Aretha Franklin Granted Injunction to Stop Telluride Showing of 'Amazing Grace'

The singer says the new film showing her 1972 performance violated her rights to name and likeness and invaded her privacy.
Paul Familetti

After a 90-minute hearing in a Denver federal courthouse, U.S. District Judge John Kane has granted Aretha Franklin's emergency injunction motion to stop the film Amazing Grace from premiering tonight at the Telluride Film Festival.

The documentary had been scheduled to screen at 7:30 p.m. in Telluride. In the wake of the court ruling, the festival announced it would screen Jennifer Peedom's Sherpa, a documentary about the Sherpas who assist climbers on Mt. Everest, in that screening slot. While the festival sent out a notice alerting festivalgoers that "a Colorado judge has granted the injunction to block the screening of Amazing Grace at the Telluride Film Festival" and announcing the Sherpa substitution, it did not immediately offer any further comment on the situation.

As first reported by THR, the legendary singer filed papers late yesterday over a film that uses Sydney Pollack-shot footage of her 1972 concert performance at the New Missionary Baptist Church in Los Angeles. She argued that the deal she originally had made with producers allowed them to film the performance but required her consent to distribute the film and that Amazing Grace improperly used her likeness and name.

To win an injunction, Franklin needed to show a likelihood of prevailing in the lawsuit plus irreparable harm, and Kane, in a three-page ruling (see here) granting a temporary restraining order, found that she has hurdled past those legal requirements.

"In 2008, a producer named Alan Elliott obtained rights to the footage of the concert from Warner Bros. Studios via a quitclaim deed," the ruling states. "The quitclaim deed makes specific reference to the need to get Ms. Franklin's permission to use the concert footage."

Elliott didn't obtain such permission, so Kane granted an order preventing the showing of the film for at least 14 days.

In a phone interview with The Hollywood Reporter after the ruling, Judge Kane said the decision was an easy one. "He had to have permission from her and he didn’t," Kane said. "He went ahead without having her consent." In addition, Franklin, who called in to the hearing from Detroit for 10 minutes and was questioned by attorneys, "has a right to enforce her right to publicity," Kane said. "She's under no obligation to give them permission."  

It is extremely rare for a judge to enjoin a film from being released. But Kane said the issue of the First Amendment did not come up at the hearing and was not relevant because the real issue was contractual. "Even though Pollack had permission to film it, he didn’t have permission to release it."

According to the lawsuit, 80 percent of the footage of the film comprises images of Franklin and her performance in connection with her best-selling 1972 album. The judge decided that the film also was a violation of a federal anti-bootlegging statute.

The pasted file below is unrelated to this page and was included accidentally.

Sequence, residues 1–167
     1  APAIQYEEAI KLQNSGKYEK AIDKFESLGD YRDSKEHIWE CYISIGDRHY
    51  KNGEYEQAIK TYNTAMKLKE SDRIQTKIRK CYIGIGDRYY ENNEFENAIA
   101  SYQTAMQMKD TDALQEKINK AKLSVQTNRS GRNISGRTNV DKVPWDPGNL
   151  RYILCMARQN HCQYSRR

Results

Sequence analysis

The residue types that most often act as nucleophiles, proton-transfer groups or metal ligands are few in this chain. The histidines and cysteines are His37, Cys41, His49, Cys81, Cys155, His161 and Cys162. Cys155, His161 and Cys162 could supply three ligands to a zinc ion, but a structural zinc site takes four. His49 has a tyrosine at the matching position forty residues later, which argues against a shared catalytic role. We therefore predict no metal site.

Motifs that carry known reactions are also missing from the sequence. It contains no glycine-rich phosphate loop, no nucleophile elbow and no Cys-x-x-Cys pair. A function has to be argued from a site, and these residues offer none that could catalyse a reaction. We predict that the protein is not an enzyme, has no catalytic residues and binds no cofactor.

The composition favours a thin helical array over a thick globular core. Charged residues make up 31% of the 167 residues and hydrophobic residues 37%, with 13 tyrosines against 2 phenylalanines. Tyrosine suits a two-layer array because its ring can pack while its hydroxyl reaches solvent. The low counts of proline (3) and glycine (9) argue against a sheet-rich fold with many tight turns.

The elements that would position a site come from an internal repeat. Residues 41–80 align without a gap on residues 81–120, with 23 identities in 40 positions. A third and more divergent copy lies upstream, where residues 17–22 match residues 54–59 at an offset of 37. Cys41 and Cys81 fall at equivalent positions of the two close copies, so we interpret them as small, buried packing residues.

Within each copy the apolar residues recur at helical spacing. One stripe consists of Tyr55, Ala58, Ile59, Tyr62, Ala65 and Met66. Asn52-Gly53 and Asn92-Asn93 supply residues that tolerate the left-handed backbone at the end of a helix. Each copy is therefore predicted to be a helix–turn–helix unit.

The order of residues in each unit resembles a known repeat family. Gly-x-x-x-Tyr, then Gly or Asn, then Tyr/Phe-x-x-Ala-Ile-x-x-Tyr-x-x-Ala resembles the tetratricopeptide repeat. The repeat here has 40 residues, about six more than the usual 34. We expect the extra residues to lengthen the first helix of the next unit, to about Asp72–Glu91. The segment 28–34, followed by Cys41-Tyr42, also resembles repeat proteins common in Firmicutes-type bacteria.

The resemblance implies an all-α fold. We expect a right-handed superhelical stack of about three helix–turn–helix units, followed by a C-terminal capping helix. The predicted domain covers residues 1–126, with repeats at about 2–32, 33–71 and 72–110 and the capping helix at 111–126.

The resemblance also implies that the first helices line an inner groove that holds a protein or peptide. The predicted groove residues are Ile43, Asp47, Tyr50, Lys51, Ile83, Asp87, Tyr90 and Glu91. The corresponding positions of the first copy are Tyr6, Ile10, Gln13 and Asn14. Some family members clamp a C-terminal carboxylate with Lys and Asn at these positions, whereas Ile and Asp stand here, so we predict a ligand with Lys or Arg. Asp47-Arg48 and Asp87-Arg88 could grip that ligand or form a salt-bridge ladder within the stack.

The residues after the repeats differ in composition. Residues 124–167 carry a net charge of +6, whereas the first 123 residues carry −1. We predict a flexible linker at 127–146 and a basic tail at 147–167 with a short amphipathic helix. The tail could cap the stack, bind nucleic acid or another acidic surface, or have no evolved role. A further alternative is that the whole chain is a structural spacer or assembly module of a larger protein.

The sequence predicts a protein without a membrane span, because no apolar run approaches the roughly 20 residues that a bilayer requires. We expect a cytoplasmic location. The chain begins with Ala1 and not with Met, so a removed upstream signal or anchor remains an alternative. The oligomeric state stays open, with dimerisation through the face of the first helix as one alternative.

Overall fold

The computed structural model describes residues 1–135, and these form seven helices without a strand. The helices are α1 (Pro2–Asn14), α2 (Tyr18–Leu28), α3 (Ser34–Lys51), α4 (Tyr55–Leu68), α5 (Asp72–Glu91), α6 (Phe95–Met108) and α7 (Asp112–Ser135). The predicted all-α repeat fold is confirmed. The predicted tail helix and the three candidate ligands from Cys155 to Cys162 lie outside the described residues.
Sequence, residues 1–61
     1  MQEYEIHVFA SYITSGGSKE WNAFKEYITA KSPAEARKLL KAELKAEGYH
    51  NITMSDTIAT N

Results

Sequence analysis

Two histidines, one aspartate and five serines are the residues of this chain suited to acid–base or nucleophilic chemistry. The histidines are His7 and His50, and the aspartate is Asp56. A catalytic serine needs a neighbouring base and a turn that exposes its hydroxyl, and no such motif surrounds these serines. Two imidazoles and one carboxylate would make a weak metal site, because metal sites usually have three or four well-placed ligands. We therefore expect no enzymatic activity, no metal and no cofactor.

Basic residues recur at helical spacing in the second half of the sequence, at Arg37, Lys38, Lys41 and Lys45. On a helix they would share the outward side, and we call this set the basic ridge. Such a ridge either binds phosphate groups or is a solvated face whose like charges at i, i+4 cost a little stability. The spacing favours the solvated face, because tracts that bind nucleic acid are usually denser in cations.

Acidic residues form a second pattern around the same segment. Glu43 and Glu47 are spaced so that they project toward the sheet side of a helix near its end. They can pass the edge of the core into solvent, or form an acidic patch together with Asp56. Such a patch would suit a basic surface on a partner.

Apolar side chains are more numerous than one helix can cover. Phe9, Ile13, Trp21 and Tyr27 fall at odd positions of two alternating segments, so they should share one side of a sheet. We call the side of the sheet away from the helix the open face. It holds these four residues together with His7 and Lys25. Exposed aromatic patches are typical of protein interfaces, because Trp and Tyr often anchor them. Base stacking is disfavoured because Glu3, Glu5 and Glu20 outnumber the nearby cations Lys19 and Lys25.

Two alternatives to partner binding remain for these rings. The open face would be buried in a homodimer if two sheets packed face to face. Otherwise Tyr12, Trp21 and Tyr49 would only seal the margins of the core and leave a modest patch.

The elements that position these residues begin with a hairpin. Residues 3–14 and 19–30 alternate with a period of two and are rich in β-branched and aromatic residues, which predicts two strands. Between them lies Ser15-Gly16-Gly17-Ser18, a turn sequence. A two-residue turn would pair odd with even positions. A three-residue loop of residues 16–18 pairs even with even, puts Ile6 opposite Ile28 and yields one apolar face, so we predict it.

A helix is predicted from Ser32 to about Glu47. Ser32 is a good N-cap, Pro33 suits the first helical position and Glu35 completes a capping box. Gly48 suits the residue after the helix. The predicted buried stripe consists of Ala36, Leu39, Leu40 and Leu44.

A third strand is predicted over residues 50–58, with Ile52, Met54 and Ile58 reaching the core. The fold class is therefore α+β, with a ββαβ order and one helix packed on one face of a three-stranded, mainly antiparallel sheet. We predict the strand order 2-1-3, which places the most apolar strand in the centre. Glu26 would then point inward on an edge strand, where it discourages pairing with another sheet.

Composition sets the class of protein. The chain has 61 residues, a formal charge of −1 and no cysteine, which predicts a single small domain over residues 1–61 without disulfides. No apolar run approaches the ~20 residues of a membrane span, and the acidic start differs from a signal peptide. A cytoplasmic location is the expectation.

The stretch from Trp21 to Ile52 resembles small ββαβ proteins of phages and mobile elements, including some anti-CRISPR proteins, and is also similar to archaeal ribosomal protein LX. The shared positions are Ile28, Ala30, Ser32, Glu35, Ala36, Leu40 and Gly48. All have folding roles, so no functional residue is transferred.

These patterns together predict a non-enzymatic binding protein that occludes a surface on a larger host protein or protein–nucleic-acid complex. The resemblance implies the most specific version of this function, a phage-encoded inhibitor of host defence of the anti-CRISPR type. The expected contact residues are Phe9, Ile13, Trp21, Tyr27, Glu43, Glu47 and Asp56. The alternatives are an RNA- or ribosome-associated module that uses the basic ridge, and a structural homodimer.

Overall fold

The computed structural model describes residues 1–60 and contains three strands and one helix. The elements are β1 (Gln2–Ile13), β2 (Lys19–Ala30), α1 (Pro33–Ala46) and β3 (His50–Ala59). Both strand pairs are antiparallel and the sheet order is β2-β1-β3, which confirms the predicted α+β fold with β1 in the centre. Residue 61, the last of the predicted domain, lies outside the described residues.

UCLA School of Law professor Eugene Volokh believes the decision is a curious one, particularly with respect to the absence of a copyright claim and the use of anti-bootlegging law to enjoin distribution. And while the appearance of contractual rights creates a rub, other attorneys are expressing shock at the development. Lincoln Bandlow, a partner at Fox Rothschild whose clients include Morgan Spurlock and Conan O'Brien, says today's decision is an "unprecedented, extraordinary and wrong prior restraint that will hopefully be pursued on appeal."

Amazing Grace was scheduled be shown tonight at Telluride and then again at the Toronto Film Festival on Sept. 10. The Colorado judge has no jurisdiction over Canada, so the film still could be shown if Franklin's lawyers don't seek a similar ruling there. But Franklin's Detroit attorney Fred Fresard tells THR that her team plans to pursue a similar injunction in Canada if the Toronto festival tries to show the film. Producers also might now be incentivized to make a financial deal with Franklin.

"Aretha Franklin has spent over 50 years developing her art," Fresard tells THR. "Congress passed laws to protect artists like her. The producers needed to get her permission. So we think this was the right decision and we are very happy with the result."

In pursuing an injunction, Franklin's Colorado lawyer, Reid Neureiter, cited a decade-old decision granting an injunction in a copyright case involving video clips of Elvis Presley in a 16-hour documentary about the singer's life. In that case, a court made a First Amendment analysis and decided there was no "fair use" to the Presley estate's intellectual property.

Here, Franklin has pulled off the extraordinary feat of enjoining the distribution of the film pending further exploration of her legal claims. "Aretha Franklin has spent over 50 years developing her art," her Detroit lawyer  Congress passed laws to protect artists like her. The producers needed to get her permission. So we think this was the right decision and we are very happy with the result."

Amazing Grace has a tortured history thanks to Pollack's failure to get the sound right, but oddly, Franklin has told one reporter she "loves" the movie.

Telluride was represented by Scott Thomas Rodgers and Jack Markham Tanner.

Sept. 4, 4:30 p.m. Updated with comments from Judge Kane and Franklin's lawyer.

comments powered by Disqus